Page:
The end of the 18th century and the beginning of the 19th saw an extraordinary creative resurgence of music. On the banks of the Cauvery, the great musical Trinity, glorified the Bhakthi cult through their brilliant and immortal compositions.
In the same period, was born in Travancore, a prince, who was to make, an everlasting contribution to the musical lore of India. This prince was the 48th sovereign in the ruling dynasty of Travancore. Born on April, 16, 1813, to Maharani Laxmibai, he was Sree Rama Varma, later known as Swati Thirunal.
The first male child in the royal family, he was considered as the Maharajah. Subsequent to the death of his mother Rani Lakshmibai, when Swathi Thirunal was hardly two years old, his aunt Parvathibai took custody of the child, and under her guidance, the prince got the best of education and acquired a great love for music.
He surprised all those who came across him, with his knowledge of the classics, and everybody appreciated the amazing intellect of the prince, his proficiency in languages and erudition, in all matters of the state.
From his early childhood, Swathi Thirunal developed a sense of devotion to Sree Padmanabha and this was the guiding inspiration of his entire life. Apart from attaining scholastic attainments, the prince developed a keen sense of aesthetic appreciation. He ascended the throne in his 16th year and proved himself a capable and progressive ruler and good administrator.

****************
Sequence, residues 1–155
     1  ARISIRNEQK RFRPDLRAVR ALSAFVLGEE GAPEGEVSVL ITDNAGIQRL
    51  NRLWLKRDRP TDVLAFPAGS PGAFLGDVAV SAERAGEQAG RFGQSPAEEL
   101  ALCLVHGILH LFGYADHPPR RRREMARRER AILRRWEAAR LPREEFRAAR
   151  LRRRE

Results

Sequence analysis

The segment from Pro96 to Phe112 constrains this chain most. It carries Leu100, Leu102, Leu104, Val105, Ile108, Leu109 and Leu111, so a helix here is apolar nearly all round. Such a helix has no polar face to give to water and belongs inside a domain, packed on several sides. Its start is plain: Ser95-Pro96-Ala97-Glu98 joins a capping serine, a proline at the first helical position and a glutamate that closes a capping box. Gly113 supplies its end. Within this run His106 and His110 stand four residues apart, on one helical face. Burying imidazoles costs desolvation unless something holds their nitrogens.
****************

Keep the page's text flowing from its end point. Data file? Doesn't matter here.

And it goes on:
When he found that he himself had become a vassal, a virtual servant of the British and could not trust his own officers, he had no peace of mind. There came a radical moral change in his attitude and he spent more of his time in religious observances. He made use of his literary achievements, composing great poetic and musical compositions.
To assess the works of a Vaggeyakar is no easy task; there can never be any finality about any judgment. However there are well defined features which mark Swati Thirunal from his contemporaries, which merit special mention.
The Maharaja’s devotion to Lord Padmanabha, was translated, into the finest gems of musical compositions. Nothing in the material world would satisfy his emotional and psychological needs and gradually he withdrew more and more into himself.
On December 25, 1847, in his thirty fourth year of life, the soul of Swati Thirunal slipped quietly away from his mortal body and joined his maker.
(The writer is a well known music critic who has won awards both in India and abroad for propagation of classical arts and music)